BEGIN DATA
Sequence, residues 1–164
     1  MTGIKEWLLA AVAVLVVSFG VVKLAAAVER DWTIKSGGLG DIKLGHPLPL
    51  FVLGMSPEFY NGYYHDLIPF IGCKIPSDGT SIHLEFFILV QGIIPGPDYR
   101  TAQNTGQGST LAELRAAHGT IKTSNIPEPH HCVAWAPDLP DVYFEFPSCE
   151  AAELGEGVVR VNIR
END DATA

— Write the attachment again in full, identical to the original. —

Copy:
Sequence, residues 1–164
     1  MTGIKEWLLA AVAVLVVSFG VVKLAAAVER DWTIKSGGLG DIKLGHPLPL
    51  FVLGMSPEFY NGYYHDLIPF IGCKIPSDGT SIHLEFFILV QGIIPGPDYR
   101  TAQNTGQGST LAELRAAHGT IKTSNIPEPH HCVAWAPDLP DVYFEFPSCE
   151  AAELGEGVVR VNIR